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New 'Quantum Leap' series rekindles memories of old NBC show

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Raymond Lee remembers embracing “Quantum Leap” when he was a child.

Now as the star of the rebooted series, he’s finding even more reasons to love it. “It’s an actors dream to not only be in different periods with different projects but to do it all in one,” he says. “It’s the roles of a lifetime.”

As in the original series, Lee will jump into other time periods, restarting the time travel project that began more than 30 years ago. Like Dr. Sam Beckett (the character played by Scott Bakula), he believes in changing the world for the better.

Debra Pratt, one of the original creators of the show, says it has four tenants: Hope, heart, humor and history.

Lee’s character, physicist Ben Song, inhabits the first three, Executive Producer Martin Gero says. “Now, because we want to make an entertaining and fun show, humor is a really important part of this one.”

To accommodate all those locations (and time periods), the new “Quantum Leap” is shot on the Universal Studios Hollywood lot. “It’s like we’re making a pilot every episode,” Gero says. “We’re doing a western in Episode 5 and I was like, ‘Oh great. We have a western backlot. We can just shoot there.’ And then you find out it’s going to cost like $150,000 to put dirt down. And then you try to reduce the dirt budget.”

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Recasting the original series’ leads wouldn’t have worked, Gero says, because “the show is so iconic and loved. It would set us up to fail. It really made sense for this to be a continuation of the story with a new set of characters, one that could honor the old show but have a low bar for entry for new viewers. It’s an evolution of ‘Quantum Leap.’”

Lee is joined in the series by Caitlin Bassett who plays a colleague who can appear to Ben in a hologram; Ernie Hudson, who plays a military man who has to answer to his bosses about the protocol breach; Mason Alexander Park, who runs the Artificial Intelligence Department; and Nanrisa Lee, who heads up digital security.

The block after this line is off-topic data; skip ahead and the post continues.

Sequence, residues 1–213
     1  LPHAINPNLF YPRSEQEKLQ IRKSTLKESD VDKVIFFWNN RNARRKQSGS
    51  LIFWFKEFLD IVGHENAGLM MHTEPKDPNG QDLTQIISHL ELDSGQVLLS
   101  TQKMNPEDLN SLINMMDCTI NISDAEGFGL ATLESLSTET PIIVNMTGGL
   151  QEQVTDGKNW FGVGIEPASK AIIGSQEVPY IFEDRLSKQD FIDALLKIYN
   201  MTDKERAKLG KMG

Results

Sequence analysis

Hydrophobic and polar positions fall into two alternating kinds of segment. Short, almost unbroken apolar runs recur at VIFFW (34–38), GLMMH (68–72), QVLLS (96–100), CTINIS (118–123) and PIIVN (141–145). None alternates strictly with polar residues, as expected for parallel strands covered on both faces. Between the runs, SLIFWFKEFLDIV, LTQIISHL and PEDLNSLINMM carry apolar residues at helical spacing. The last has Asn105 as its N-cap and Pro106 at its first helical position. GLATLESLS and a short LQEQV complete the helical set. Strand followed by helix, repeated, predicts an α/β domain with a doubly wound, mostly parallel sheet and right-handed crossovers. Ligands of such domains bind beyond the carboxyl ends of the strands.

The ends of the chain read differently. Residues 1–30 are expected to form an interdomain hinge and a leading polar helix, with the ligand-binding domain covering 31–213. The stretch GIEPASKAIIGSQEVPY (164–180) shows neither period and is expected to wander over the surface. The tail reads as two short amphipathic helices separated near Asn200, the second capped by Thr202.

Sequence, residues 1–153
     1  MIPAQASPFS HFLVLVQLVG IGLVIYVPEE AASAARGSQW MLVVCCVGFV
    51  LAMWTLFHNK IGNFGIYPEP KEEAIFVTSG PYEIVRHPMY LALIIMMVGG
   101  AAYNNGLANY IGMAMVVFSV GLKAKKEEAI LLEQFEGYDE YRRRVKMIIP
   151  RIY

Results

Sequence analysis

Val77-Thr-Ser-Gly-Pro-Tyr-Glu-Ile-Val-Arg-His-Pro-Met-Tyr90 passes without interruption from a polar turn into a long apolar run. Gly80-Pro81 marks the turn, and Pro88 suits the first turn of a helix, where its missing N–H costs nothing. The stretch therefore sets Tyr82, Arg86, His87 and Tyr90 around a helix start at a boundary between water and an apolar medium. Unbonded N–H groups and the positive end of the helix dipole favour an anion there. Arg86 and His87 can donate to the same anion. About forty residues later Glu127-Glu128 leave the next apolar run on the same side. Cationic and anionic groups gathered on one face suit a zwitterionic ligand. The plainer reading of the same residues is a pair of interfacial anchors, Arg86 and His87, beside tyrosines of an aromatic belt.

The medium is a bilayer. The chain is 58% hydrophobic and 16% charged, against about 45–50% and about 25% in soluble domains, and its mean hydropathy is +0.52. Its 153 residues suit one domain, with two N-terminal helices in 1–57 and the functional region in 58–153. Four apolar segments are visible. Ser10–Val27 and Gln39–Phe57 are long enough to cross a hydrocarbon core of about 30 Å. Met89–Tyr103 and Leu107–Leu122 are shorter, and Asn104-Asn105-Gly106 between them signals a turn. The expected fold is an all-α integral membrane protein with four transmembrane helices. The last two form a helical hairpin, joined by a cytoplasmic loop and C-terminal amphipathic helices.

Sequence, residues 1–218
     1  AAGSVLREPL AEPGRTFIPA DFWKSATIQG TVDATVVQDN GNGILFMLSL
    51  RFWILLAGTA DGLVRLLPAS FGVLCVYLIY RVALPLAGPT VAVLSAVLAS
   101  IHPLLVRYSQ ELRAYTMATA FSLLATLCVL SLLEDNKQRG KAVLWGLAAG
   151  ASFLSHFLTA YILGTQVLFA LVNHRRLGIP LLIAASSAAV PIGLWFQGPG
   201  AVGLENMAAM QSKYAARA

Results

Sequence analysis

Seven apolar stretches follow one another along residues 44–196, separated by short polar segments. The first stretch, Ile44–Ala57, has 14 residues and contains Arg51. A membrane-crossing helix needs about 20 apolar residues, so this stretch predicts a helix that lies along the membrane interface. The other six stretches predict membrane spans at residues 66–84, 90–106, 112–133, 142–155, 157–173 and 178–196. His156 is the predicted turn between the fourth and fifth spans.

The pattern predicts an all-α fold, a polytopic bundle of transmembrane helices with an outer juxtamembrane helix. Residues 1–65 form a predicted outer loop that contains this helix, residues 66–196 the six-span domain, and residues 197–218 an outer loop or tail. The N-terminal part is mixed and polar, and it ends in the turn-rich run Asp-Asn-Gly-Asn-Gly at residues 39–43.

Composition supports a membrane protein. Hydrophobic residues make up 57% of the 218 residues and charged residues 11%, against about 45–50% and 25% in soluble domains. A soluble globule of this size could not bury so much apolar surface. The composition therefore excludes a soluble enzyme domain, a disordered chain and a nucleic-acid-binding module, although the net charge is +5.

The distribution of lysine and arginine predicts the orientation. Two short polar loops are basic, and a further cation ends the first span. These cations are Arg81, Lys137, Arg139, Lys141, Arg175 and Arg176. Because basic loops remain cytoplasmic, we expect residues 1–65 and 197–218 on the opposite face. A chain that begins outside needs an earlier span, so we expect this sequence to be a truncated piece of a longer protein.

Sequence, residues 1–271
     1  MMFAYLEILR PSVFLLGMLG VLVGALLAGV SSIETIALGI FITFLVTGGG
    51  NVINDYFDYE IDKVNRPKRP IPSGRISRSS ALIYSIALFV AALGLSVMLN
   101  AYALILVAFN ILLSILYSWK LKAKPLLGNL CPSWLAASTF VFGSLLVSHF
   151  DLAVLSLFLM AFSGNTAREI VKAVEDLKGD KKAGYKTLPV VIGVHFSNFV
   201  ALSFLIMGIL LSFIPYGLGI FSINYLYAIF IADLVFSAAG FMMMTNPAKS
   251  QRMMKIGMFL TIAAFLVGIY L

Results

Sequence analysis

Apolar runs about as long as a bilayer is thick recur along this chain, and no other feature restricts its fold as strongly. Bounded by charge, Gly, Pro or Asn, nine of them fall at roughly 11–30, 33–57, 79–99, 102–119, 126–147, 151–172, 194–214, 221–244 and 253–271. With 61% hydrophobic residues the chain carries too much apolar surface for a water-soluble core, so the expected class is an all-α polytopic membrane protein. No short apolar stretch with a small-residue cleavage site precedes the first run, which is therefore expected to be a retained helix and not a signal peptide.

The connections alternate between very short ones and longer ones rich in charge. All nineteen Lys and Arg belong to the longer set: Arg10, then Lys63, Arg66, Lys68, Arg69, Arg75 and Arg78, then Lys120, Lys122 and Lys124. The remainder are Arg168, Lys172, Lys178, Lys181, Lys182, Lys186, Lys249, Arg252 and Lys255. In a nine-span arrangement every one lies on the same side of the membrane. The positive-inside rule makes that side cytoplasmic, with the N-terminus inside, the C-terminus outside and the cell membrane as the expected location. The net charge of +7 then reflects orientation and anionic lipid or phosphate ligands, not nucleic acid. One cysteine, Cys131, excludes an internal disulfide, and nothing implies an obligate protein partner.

While Ben leaps in and out of time, the others work to bring him back.

For Bassett, the series is an interesting career leap. In addition to serving in the military and getting a law degree, she decided to try acting. Producers hired her for “Leap” and, she says, “It’s a dream come true. I can’t pretend like it’s anything else.”

Like Dean Stockwell (who played the holographic friend in the original series), she offers a different vibe in this outing. In the original, “it wasn’t until they realized what was happened that they were able to relax,” Bassett says. “This is kind of the deal until we figure out how to get him home. That’s where the real humor and charm (lies). In the beginning, we’re all trying to figure out what is going on. As we move forward, you’re going to see the relationships deepen and the humor come in in much bigger ways. They haven’t given me a cigar (a Stockwell hallmark) but I’m asking.”

While it isn’t necessary to be a fan of the first “Leap” to enjoy this one, “there is an enormous amount of backstory and mythology from the original show,” Gero says. “It’s done in a way that will feel like a different view on past events for old fans. For our new fans, it just feels like we’re still in the middle of the story and it’s coming out organically.”

“Quantum Leap” airs on NBC.

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